# How do you find the limit of (2x-8)/(sqrt(x) -2) as x approaches 4?

Oct 8, 2016

$8$

#### Explanation:

As you can see, you will find an indeterminate form of $\frac{0}{0}$ if you try to plug in $4$. That is a good thing because you can directly use L'Hospital's Rule, which says

$\mathmr{if} {\lim}_{x \to a} \frac{f \left(x\right)}{g \left(x\right)} = \frac{0}{0} \mathmr{and} \frac{\infty}{\infty}$

all you have to do is to find the derivative of the numerator and the denominator separately then plug in the value of $x$.

 =>lim_(x->a)(f'(x))/(g'(x)

$f \left(x\right) = {\lim}_{x \to 4} \frac{2 x - 8}{\sqrt{x} - 2} = \frac{0}{0}$

$f \left(x\right) = {\lim}_{x \to 4} \frac{2 x - 8}{{x}^{\frac{1}{2}} - 2}$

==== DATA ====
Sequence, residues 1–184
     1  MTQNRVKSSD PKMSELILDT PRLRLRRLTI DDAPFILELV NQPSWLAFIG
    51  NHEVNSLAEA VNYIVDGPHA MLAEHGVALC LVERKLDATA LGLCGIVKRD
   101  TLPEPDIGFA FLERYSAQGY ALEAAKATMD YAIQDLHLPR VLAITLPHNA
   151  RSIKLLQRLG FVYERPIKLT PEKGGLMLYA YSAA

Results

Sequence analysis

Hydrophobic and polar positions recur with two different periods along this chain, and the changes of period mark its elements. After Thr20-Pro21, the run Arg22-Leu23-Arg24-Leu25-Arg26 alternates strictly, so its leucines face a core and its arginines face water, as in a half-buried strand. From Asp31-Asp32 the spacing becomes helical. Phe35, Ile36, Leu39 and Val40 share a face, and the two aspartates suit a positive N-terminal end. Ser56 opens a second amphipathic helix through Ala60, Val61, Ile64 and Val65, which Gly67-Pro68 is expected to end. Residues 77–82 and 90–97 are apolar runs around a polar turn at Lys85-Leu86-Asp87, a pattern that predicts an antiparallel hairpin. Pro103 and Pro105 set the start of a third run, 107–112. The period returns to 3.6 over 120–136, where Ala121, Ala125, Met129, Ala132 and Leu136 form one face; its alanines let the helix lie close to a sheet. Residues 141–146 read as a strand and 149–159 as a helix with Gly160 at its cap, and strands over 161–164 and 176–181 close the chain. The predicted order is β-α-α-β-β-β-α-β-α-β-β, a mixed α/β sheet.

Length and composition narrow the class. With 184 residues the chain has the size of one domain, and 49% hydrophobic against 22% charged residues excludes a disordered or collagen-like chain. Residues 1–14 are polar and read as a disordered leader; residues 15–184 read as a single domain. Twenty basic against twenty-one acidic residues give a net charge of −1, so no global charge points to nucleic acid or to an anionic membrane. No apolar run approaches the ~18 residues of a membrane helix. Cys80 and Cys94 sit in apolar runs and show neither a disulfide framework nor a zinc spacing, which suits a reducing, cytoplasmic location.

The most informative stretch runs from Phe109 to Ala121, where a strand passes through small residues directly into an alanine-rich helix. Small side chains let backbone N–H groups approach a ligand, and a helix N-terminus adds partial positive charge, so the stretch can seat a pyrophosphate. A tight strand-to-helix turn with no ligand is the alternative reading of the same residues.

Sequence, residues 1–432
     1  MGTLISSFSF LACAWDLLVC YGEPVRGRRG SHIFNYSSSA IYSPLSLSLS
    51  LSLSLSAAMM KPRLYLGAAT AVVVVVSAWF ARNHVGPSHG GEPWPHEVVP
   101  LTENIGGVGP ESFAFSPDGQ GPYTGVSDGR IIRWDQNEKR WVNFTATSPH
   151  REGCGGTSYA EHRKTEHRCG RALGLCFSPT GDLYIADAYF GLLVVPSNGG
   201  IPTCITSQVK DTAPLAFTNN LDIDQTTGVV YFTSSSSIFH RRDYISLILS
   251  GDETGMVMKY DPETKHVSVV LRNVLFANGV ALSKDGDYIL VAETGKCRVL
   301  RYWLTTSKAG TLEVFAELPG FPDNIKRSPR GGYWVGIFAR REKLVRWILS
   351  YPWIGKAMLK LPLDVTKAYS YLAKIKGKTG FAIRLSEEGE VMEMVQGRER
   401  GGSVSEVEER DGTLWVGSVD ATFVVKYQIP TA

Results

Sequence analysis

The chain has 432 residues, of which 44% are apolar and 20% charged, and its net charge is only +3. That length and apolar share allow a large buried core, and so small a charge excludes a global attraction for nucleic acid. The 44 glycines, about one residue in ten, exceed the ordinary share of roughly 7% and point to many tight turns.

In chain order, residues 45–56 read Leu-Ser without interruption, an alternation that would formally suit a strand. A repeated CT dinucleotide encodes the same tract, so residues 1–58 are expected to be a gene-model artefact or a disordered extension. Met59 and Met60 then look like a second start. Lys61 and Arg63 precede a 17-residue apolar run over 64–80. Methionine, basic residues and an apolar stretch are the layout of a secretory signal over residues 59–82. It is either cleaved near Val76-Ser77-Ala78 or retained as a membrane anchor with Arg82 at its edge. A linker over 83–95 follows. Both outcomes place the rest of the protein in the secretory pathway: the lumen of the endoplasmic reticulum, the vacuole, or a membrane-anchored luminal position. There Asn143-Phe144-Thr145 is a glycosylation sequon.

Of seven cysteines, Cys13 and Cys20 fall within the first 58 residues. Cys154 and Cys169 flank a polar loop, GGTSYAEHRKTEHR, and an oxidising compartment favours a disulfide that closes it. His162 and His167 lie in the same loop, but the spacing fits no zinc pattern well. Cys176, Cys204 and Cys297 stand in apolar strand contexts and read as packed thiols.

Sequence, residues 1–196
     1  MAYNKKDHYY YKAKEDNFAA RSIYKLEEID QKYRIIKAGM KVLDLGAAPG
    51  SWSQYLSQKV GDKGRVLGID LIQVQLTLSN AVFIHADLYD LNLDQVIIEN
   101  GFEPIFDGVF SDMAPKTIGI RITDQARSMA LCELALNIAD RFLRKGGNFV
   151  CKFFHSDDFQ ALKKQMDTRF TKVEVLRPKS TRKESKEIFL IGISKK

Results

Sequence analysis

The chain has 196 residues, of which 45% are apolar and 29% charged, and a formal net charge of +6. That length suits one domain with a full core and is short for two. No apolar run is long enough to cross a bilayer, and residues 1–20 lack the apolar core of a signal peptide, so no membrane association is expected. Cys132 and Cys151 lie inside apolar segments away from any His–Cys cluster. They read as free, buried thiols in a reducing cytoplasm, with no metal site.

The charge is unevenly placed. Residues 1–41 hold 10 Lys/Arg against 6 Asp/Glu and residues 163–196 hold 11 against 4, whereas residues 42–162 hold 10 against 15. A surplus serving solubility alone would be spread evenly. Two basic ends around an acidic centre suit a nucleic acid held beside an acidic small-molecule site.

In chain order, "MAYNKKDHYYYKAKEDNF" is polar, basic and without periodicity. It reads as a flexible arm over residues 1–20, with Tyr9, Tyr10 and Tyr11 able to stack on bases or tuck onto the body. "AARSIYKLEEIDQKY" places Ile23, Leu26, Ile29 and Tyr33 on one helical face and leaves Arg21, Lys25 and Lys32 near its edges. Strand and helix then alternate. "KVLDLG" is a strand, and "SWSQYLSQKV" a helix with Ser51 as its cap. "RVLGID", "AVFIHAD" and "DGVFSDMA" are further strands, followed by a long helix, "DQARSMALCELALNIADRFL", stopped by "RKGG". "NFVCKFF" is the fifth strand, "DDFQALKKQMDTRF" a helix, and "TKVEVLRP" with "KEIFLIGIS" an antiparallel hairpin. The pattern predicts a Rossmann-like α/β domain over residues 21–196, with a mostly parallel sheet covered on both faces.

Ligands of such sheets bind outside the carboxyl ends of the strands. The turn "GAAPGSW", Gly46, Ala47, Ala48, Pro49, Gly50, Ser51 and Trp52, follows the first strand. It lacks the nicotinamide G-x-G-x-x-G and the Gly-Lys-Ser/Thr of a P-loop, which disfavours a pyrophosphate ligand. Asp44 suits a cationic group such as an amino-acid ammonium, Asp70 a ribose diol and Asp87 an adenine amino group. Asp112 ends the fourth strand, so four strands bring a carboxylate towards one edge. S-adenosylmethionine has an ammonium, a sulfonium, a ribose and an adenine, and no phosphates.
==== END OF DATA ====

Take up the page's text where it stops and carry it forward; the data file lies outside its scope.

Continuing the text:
$f ' \left(x\right) = {\lim}_{x \to 4} \frac{2}{\frac{1}{2} {x}^{- \frac{1}{2}}} = {\lim}_{x \to 4} \frac{2}{\frac{1}{2 \sqrt{x}}} = \frac{2}{\frac{1}{4}} = 8$

Hope this helps :)

Oct 8, 2016

${\lim}_{x \to 4} \frac{2 x - 8}{\sqrt{x} - 2} = 8$

#### Explanation:

As an addition to the other answer, this problem can be solved by applying algebraic manipulation to the expression.

${\lim}_{x \to 4} \frac{2 x - 8}{\sqrt{x} - 2} = {\lim}_{x \to 4} 2 \cdot \frac{x - 4}{\sqrt{x} - 2}$

$= {\lim}_{x \to 4} 2 \cdot \frac{\left(x - 4\right) \left(\sqrt{x} + 2\right)}{\left(\sqrt{x} - 2\right) \left(\sqrt{x} + 2\right)}$

$= {\lim}_{x \to 4} 2 \cdot \frac{\left(x - 4\right) \left(\sqrt{x} + 2\right)}{x - 4}$

$= {\lim}_{x \to 4} 2 \left(\sqrt{x} + 2\right)$

$= 2 \left(\sqrt{4} + 2\right)$

$= 2 \left(2 + 2\right)$

$= 8$